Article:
Social Small-Ball

 

In the world of sports, social media has taken on a massive amount of importance – and resources– for teams, leagues, and fans alike. Each organization uses social media in a different way – depending on the team, market, and goals for the social program.

Small market teams may use social primarily as a sales platform, while major league teams tend to use social to engage their fan-base and drive brand loyalty, not to mention fan interaction. Whatever the organizational goals, a comprehensive social plan is key in accomplishing the tasks. However, a plan is just that – a plan. Events and circumstances change, opportunities arise, and moments can be captured to create dynamic social content.

“A plan is just that – a plan.”

In creating a social plan, teams must focus on the day to day function of the team’s social platform – how it works cohesively with the teams sales and marketing departments, what the goals are to accomplish, and what creative fits each post. There is an inclination – particularly from those who aren’t intimately familiar with the day to day operations of social media – to aim for viral moments, creating content in the hopes of a massive engagement off of a post. There is absolutely nothing wrong with creating or aiming for a viral moment – just like a hitter trying to knock the cover off the ball and hit one out of the park – provided it helps execute the social plan.

I call this concept “Social Small-Ball” – just like a team trying to win a ball game, social media needs to execute the team’s plan at all times. Sometimes, swinging for the fences is a great way to get ahead in a crowded social market, but for the most part, executing the plan keeps the team on track. Some posts aren’t the most glamorous – just like executing a bunt, they serve a function to keep the plan in motion. That by no means dictates that anything posted for a team should be a waste – quite the contrary. EVERY post on social needs to have a purpose, and there should never be a post just for the sake of posting. However, if all of a team’s energy is devoted to a viral moment, the plan becomes secondary, and the success of a team’s social can hinge on one post.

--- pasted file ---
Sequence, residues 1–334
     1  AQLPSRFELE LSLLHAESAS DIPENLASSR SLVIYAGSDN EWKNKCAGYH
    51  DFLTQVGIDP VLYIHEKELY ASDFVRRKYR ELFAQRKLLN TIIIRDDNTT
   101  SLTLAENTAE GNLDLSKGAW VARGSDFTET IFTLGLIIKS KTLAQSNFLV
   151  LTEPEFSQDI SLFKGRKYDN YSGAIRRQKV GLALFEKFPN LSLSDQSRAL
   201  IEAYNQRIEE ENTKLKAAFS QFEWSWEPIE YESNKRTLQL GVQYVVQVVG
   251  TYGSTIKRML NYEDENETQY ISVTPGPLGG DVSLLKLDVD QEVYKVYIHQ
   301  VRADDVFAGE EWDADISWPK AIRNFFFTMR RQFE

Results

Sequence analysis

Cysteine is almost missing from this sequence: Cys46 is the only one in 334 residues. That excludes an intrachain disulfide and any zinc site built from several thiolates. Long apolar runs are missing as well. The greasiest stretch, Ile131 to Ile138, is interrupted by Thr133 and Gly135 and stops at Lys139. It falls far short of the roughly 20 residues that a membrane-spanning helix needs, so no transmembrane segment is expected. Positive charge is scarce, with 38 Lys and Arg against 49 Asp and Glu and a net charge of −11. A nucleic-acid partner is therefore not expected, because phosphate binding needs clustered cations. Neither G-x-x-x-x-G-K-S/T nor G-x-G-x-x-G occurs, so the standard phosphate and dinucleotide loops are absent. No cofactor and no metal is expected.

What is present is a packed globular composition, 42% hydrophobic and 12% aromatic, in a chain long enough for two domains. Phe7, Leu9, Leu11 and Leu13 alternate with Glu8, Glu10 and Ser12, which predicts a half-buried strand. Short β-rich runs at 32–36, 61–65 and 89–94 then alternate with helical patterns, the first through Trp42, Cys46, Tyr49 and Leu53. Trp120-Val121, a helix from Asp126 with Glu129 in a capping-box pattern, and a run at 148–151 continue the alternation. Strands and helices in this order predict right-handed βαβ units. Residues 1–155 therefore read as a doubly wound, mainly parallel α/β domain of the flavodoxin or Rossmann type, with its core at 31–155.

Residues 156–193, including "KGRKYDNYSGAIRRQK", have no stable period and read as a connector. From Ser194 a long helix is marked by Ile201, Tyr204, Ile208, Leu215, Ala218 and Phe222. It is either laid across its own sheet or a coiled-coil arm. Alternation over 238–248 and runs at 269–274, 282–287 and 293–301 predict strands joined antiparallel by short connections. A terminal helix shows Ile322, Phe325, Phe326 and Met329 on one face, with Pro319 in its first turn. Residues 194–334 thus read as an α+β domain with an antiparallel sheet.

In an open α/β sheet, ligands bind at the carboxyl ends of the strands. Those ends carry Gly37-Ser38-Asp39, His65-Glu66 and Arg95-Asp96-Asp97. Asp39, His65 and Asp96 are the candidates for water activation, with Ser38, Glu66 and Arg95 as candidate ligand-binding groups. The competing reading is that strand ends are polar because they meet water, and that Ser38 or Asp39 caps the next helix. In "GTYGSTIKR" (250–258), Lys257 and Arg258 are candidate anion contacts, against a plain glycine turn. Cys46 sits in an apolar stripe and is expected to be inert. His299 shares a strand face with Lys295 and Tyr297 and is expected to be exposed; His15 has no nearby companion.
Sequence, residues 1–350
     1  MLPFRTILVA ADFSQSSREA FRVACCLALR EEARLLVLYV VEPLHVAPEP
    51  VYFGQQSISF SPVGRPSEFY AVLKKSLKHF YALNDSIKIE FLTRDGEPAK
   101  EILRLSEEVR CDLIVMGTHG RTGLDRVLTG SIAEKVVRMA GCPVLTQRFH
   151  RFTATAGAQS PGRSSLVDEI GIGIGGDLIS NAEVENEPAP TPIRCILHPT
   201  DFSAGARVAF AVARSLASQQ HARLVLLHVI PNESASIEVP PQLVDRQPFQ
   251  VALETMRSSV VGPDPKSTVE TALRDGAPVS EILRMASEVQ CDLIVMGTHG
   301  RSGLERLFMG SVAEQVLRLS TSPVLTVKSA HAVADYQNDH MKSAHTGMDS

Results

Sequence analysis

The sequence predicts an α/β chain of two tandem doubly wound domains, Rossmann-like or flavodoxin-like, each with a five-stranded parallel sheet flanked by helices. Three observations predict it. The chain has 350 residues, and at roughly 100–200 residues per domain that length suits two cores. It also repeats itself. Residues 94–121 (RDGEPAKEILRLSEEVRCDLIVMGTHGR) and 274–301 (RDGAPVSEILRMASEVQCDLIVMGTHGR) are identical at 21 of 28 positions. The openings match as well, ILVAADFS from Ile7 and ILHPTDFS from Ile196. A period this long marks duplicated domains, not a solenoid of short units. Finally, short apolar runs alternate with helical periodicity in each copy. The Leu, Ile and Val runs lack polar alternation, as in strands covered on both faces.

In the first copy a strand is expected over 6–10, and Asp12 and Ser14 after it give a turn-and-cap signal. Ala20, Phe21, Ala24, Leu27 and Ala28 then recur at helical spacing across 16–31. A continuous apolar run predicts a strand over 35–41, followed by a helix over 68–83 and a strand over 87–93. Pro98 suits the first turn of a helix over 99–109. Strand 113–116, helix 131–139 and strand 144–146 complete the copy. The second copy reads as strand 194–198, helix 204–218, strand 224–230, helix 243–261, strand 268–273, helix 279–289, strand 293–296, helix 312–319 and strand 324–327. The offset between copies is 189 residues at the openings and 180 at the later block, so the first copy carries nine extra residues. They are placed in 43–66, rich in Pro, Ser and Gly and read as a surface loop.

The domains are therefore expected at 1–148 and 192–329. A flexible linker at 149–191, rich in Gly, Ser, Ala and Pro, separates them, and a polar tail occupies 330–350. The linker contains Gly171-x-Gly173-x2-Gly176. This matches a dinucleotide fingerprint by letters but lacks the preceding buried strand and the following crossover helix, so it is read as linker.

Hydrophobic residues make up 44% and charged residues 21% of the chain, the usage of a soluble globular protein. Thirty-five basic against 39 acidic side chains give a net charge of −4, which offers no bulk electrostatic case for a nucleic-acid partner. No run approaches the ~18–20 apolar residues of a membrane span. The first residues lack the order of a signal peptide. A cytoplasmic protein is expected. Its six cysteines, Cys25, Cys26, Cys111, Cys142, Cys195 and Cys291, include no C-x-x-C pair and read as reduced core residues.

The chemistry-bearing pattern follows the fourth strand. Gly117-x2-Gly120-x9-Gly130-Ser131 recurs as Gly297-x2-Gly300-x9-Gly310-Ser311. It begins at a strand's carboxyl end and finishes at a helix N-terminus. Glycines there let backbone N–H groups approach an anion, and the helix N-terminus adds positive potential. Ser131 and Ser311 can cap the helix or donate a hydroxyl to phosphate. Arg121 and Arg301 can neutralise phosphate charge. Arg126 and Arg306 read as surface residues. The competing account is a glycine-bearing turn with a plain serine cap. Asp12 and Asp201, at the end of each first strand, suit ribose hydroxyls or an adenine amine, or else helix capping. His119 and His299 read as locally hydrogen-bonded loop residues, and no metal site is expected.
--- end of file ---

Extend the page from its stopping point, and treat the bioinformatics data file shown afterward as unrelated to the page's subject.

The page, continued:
“Every post on social media needs to have a purpose.”

To put this in context, the Syracuse Crunch of the AHL created a number of viral videos this season in the form of lipsync music videos – they were absolutely fantastic, with high production value and were posted at the exact right time to gain maximum traffic. They took energy to create, and boosted the team’s brand online. However, these videos were part of an executable series, one that fit well within the team’s social voice, plan, and tone. Rather than focusing on these viral moments, the Crunch’s staff use them to help shore up their social program.

 

Viral moments are great, but they’re just that – moments. A home run scores between one and four runs, but also clears the bases. Small ball, just like a cohesive social plan, keeps the rally going – helping to make sure that the team is scoring runs. A well executed social program has home run moments, but also executes on a day to day basis.

 

Chris Knoblock is the Director of Media Relations and Broadcasting for the New Britain Bees. You can follow him on twitter @cknoblock17

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